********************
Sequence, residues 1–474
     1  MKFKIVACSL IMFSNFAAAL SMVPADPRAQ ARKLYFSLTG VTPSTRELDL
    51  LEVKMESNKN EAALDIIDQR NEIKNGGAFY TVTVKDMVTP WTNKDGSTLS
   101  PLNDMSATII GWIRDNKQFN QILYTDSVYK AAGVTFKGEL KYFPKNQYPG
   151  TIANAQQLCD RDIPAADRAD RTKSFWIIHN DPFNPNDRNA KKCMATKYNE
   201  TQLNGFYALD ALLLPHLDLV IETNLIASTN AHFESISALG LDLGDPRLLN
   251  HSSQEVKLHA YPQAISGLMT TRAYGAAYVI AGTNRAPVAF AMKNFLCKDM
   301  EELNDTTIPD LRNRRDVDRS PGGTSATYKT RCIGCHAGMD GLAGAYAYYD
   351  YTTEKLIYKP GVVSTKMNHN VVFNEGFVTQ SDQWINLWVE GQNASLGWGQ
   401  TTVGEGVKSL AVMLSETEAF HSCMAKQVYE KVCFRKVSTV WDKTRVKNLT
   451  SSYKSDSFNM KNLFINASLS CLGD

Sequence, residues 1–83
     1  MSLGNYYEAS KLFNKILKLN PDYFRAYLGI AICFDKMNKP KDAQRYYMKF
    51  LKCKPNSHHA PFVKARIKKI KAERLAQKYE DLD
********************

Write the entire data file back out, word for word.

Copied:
Sequence, residues 1–474
     1  MKFKIVACSL IMFSNFAAAL SMVPADPRAQ ARKLYFSLTG VTPSTRELDL
    51  LEVKMESNKN EAALDIIDQR NEIKNGGAFY TVTVKDMVTP WTNKDGSTLS
   101  PLNDMSATII GWIRDNKQFN QILYTDSVYK AAGVTFKGEL KYFPKNQYPG
   151  TIANAQQLCD RDIPAADRAD RTKSFWIIHN DPFNPNDRNA KKCMATKYNE
   201  TQLNGFYALD ALLLPHLDLV IETNLIASTN AHFESISALG LDLGDPRLLN
   251  HSSQEVKLHA YPQAISGLMT TRAYGAAYVI AGTNRAPVAF AMKNFLCKDM
   301  EELNDTTIPD LRNRRDVDRS PGGTSATYKT RCIGCHAGMD GLAGAYAYYD
   351  YTTEKLIYKP GVVSTKMNHN VVFNEGFVTQ SDQWINLWVE GQNASLGWGQ
   401  TTVGEGVKSL AVMLSETEAF HSCMAKQVYE KVCFRKVSTV WDKTRVKNLT
   451  SSYKSDSFNM KNLFINASLS CLGD

Sequence, residues 1–83
     1  MSLGNYYEAS KLFNKILKLN PDYFRAYLGI AICFDKMNKP KDAQRYYMKF
    51  LKCKPNSHHA PFVKARIKKI KAERLAQKYE DLD